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Friday 18 Aug 2017 | 09:40 | SYDNEY
Friday 18 Aug 2017 | 09:40 | SYDNEY

Afghanistan: Faulkner statement a failure

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13 August 2009 16:04

Major Gen (Retd) Jim Molan is author of Running the War in Iraq.

In a lecture by Prof Hew Strachan at the Land Warfare Studies Centre yesterday, discussion of Clausewitz’s 'second trilogy' (I am knee deep in shallow water here because 'On War' is still on my 'to read' list) caught my attention. I understood from the Professor that this refers to the interaction of government, the military and the people in matters of war.

The professor pointed out that in our current wars, run by governments which are doubtful they can carry the people with them but still believe that the country should be involved, and conducted by small professional militaries that may not need the direct support of the people in the way older conscript militaries might have, the people are absent.

My attention was drawn after the lecture to a Ministerial Statement on Afghanistan on the Australian Labor Party website, dated 12 August. This is a statement by Minister Faulkner to the Senate, described as a 'frank and objective assessment of the security situation in Afghanistan'. It lays out the Government’s reasons for being in Afghanistan, how it assesses the current situation, and what the various military and non-military elements in Afghanistan are doing.

But it does not go into the 'how' in sufficient detail for anyone to make a judgement. Everyone knows that our soldiers are doing a good job. It is nice to be told this again but the real issue is: Are the things that we are doing the right things, and are we doing enough of them and in the right place to be decisive? 

If it is the intention of the Minister to provide a 'frank and objective assessment of the security situation in Afghanistan', and if he wants to 'ensure that the Australian Parliament and the Australian people are properly informed and able to make considered judgement', as he claims, then he has dramatically failed.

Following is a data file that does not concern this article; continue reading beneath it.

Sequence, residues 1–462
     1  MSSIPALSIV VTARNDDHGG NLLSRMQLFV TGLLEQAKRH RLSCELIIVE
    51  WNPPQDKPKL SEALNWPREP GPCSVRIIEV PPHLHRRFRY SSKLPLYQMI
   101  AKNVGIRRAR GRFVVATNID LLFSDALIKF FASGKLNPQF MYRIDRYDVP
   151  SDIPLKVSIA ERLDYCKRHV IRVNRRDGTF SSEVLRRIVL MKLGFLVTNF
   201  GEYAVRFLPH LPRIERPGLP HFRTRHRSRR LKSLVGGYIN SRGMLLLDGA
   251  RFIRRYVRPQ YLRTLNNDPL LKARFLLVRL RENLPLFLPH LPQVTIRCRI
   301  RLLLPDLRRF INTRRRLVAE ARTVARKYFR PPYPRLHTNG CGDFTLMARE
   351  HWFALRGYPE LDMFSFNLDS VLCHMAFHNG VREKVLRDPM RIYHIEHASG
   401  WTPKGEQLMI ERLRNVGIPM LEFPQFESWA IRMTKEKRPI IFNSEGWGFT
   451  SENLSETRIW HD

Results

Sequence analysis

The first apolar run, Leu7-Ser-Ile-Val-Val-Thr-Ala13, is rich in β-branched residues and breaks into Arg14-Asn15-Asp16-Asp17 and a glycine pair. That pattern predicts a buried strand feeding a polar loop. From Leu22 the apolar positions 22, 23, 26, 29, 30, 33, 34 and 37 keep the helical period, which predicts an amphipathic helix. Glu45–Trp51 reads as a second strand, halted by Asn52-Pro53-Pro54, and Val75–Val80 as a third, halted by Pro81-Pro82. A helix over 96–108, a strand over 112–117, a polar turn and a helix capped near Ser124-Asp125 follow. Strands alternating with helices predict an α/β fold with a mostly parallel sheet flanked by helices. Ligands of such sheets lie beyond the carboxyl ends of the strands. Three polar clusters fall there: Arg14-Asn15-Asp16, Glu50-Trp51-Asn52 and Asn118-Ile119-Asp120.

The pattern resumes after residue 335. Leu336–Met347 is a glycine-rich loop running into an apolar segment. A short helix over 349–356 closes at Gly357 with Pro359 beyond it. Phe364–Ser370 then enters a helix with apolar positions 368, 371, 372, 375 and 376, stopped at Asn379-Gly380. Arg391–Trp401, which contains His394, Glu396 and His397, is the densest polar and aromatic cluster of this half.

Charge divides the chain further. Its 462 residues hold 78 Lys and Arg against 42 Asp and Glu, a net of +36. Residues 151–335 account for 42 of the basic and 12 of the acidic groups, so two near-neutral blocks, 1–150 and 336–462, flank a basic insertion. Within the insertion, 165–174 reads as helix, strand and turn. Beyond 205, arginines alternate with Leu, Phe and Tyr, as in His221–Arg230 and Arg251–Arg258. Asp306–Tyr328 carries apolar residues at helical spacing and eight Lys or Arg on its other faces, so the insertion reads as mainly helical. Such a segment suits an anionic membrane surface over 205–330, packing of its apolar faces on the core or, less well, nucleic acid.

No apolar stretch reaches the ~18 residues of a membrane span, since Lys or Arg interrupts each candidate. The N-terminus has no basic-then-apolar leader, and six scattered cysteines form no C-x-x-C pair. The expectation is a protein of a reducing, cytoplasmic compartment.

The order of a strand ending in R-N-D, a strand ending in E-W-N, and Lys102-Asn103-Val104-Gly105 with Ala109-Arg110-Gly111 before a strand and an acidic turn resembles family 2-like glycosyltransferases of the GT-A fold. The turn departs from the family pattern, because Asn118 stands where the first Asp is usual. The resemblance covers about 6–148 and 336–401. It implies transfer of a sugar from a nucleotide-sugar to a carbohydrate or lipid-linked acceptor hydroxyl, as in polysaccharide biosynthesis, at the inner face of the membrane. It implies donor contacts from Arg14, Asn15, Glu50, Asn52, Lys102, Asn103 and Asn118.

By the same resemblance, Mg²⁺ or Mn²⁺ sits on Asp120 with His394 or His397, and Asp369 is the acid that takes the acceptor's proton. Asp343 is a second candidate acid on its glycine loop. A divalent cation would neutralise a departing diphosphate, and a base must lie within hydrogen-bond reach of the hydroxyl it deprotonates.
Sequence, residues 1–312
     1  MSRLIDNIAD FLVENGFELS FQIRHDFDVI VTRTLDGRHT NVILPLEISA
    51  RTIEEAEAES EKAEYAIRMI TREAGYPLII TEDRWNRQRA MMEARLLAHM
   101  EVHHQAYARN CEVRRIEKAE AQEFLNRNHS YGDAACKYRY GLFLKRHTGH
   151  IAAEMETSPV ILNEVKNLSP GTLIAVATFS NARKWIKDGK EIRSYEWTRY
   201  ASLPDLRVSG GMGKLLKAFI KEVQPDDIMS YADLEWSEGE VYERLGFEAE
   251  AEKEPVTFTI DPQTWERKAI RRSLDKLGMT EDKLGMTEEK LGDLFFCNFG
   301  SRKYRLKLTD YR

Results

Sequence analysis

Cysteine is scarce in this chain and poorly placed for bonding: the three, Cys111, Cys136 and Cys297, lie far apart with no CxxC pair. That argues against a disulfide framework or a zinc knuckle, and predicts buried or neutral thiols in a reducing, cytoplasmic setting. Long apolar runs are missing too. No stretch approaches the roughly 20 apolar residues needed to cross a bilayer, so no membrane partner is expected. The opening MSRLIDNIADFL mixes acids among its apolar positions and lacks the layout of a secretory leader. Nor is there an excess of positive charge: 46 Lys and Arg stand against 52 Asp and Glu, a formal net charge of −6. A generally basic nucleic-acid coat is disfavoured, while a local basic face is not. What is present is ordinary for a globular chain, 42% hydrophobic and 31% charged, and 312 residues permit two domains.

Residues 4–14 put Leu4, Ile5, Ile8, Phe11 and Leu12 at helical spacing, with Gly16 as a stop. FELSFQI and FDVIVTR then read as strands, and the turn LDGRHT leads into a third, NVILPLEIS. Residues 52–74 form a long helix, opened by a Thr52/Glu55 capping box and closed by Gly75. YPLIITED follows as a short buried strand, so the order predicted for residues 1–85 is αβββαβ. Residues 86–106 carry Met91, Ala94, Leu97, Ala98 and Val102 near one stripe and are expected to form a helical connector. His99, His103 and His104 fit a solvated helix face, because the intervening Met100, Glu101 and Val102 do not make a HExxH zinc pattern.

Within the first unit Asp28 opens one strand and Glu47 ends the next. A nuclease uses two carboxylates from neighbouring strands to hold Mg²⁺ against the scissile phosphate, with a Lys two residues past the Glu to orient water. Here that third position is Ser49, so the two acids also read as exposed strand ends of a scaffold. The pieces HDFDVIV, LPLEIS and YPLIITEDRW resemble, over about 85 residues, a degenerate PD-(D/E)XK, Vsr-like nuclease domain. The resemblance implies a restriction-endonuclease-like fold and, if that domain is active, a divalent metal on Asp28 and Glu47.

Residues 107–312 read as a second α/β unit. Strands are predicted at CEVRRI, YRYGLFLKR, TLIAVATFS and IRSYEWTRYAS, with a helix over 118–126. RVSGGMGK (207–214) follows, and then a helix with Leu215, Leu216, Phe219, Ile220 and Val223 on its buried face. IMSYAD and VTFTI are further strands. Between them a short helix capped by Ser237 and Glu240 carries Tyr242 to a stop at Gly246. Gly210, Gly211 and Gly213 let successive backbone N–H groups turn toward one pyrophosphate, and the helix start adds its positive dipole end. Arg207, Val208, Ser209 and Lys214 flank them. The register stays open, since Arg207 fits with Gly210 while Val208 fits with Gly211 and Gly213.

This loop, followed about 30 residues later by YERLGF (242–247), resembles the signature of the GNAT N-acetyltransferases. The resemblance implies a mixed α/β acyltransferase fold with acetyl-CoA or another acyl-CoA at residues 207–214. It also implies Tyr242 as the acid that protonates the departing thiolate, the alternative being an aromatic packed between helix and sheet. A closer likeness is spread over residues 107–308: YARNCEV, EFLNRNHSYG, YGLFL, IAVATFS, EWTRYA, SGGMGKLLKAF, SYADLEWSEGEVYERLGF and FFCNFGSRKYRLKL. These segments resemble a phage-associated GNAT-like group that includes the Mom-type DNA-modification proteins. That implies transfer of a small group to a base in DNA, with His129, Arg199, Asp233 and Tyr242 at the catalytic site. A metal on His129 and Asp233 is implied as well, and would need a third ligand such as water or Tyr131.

He has indeed stated what we are doing, but he has not told us what it is necessary to do to achieve what might be our aims. Are we doing enough of anything? Are the amounts of money the Minister tells us we are allocating to the arming of the Afghan National Army and police sufficient, or are they totally inadequate? Are ten AFP policemen enough to do anything worthwhile, or will they be wasting their time at those numbers with a poor police force that is operating in an insecure environment?

Is AUSAID doing enough, are they providing enough staff and can they operate where the people are? Are the military forces achieving anything like an adequate level of security outside its line of sight from its bases or the physical presence of its patrols? Are the numbers of security forces that we intend to create and then mentor adequate to achieve security within the province even if they can be trained to Capability Milestone 1? Do we have enough troops to both mentor and partner the number of Afghan units that need to be created?

Is the impact of our special forces on the Taliban leadership significant? Is our election support adequate or has it arrived far too late (one week before the election) and in apparently quite small numbers? Are we really capable of playing our part in Oruzgan Province in the overall Obama military strategy of 'disrupt, dismantle and defeat'? Do we have enough resources in the province to apply the most up to date counter-insurgency techniques, central to which is protecting the people? What are we likely to do if the Dutch go? Can we ever be decisive?

The trilogy that Professor Strachan spoke of is important, and the people are the key part. The Minister's statement is a good move, but it does not enable the people to make any assessment at all, much less the considered judgement that he says he wants. As such, the statement is patronising in the extreme. It gives us nothing more than a handy summary of the continual stream of Defence press releases. One would think that perhaps the Government does not want the real issues to be exposed.

On almost all of these issues above, I have given my personal views in an article just published in the Australian Army Journal (Vol VI Number 2 Winter 2009 — not yet online).

Photo by Flickr user purpleslog, used under a Creative Commons license.

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